Why There Won't Be as Many Fireworks This Year

The Fourth of July fireworks I have gone to for years have been canceled. Oakland is hosting a bunch of other Independence Day activities in Jack London Square—they’ll have some local bands, a magician, and a petting zoo—but the city just didn’t have the money to put on a fireworks display this year.


Oakland’s not alone. In the greater San Francisco Bay Area, 4 of the 11 major fireworks shows have been canceled due to budget cuts. It’s another obvious sign that real economic recovery is still a way off. Industry figures show that sales of fireworks in the U.S. have been flat in dollar terms since the start the start of the recession—as a nation we spend about a $1 billion every year on fireworks—while the total quantity of fireworks sold has fallen sharply since 2006. Across the country celebratory fireworks shows have been canceled as city and state governments struggle to balance their budgets. Some cities—like La Jolla—have held fundraising drives to keep the annual shows alive, although many of those efforts have fallen short. Other cities have drastically scaled back their fireworks shows.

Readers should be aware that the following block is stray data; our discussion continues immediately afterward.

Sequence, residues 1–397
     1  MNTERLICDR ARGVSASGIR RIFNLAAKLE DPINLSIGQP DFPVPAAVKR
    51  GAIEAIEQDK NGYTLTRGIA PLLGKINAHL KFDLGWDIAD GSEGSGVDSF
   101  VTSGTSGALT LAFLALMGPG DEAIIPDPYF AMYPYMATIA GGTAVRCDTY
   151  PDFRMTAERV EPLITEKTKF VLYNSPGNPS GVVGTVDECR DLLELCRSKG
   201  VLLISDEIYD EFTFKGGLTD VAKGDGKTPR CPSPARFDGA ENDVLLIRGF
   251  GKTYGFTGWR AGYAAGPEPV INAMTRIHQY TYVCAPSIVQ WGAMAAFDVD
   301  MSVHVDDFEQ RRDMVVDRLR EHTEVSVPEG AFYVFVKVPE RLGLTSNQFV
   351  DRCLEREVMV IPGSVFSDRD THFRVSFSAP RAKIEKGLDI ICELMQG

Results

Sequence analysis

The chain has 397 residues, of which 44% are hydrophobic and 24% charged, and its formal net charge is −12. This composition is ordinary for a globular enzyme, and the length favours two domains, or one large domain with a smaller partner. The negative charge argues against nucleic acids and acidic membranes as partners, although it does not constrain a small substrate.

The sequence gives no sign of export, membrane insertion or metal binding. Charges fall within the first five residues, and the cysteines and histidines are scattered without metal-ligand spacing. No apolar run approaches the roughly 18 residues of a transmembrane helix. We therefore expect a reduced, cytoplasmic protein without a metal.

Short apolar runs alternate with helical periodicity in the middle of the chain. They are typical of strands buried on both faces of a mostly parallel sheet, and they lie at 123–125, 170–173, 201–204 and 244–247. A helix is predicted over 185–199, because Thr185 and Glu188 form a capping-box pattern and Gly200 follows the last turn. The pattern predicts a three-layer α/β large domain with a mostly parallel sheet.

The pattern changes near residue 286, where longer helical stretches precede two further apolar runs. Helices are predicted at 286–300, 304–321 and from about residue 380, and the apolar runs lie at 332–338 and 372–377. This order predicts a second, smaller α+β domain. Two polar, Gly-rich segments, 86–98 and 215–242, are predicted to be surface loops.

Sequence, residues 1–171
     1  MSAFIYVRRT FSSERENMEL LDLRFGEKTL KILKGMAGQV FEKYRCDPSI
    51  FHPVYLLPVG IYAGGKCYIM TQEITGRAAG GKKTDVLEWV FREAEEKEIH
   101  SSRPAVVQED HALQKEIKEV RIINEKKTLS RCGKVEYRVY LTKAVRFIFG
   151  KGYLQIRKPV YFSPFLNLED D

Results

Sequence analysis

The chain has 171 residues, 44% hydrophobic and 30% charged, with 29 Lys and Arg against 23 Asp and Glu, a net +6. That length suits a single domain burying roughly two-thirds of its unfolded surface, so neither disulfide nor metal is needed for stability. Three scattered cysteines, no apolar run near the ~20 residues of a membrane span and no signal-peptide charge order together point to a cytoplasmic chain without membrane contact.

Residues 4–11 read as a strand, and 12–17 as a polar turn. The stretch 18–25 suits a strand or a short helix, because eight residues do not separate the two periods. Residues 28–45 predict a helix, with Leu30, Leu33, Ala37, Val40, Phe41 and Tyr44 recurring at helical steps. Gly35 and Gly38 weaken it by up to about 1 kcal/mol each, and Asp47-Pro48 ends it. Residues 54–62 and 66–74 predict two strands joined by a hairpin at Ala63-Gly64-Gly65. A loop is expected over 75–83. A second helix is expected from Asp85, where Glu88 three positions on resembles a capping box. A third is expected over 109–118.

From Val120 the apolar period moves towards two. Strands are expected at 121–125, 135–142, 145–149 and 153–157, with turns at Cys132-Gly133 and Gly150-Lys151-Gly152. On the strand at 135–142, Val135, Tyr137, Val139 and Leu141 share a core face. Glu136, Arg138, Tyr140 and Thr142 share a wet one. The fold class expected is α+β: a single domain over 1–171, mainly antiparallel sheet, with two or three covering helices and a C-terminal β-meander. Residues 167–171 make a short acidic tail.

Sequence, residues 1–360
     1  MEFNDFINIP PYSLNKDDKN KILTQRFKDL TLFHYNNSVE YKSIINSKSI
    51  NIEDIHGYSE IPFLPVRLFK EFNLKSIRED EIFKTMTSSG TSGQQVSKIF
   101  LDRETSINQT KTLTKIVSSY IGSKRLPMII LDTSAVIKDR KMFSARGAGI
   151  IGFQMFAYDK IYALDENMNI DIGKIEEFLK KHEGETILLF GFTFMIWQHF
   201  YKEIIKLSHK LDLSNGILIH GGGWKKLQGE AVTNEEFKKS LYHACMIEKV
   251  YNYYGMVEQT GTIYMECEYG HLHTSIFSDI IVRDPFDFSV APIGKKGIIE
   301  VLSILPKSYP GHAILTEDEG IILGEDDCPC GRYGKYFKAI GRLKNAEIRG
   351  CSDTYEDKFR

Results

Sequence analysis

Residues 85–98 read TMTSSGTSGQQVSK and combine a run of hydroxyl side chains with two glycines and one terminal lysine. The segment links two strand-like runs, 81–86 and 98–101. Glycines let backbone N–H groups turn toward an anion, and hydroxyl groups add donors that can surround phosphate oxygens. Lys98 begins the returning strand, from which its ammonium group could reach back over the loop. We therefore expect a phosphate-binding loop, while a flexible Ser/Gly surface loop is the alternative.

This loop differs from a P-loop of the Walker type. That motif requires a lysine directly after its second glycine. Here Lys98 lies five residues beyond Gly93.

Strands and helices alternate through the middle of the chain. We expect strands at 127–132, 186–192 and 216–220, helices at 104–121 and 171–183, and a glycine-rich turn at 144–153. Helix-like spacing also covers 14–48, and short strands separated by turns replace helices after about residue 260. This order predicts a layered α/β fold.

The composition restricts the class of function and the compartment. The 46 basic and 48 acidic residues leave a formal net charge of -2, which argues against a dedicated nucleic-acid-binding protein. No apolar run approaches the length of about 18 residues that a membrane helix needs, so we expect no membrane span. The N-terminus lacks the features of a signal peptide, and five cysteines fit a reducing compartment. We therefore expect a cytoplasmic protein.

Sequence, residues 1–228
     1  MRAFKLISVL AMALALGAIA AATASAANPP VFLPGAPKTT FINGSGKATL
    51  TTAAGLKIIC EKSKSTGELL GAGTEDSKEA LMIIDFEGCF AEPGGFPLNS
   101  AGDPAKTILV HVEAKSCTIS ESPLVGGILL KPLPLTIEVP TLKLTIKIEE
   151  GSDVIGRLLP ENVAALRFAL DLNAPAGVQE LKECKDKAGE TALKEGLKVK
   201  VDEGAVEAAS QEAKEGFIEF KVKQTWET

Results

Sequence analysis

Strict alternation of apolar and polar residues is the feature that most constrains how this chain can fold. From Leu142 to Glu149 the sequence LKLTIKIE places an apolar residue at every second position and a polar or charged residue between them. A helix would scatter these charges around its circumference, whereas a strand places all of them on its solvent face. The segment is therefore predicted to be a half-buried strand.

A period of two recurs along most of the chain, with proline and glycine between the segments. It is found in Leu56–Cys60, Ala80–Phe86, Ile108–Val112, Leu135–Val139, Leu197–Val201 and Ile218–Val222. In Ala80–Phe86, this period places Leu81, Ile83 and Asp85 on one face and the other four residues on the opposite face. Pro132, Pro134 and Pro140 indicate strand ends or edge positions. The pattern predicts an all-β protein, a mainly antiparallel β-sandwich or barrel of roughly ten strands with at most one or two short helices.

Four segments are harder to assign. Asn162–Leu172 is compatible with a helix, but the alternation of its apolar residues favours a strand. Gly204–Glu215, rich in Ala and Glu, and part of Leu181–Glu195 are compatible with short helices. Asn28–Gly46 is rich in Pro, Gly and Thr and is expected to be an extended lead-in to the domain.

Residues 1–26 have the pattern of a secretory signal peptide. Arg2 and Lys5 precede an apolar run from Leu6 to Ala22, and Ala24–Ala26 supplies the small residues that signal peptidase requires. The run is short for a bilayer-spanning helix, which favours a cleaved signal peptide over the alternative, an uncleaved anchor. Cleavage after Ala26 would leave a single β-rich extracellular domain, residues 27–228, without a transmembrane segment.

No public official wants to be the one to cancel the fireworks. While we may have less to celebrate these days, we could probably use the magic of fireworks now more than ever. But with local governments having to lay off public employees, it's hard to justify turning around and spending their salaries on a fireworks display. As one New Jersey resident told The New York Times, "People are losing their jobs, so it doesn’t feel right to be spending so much on a party."

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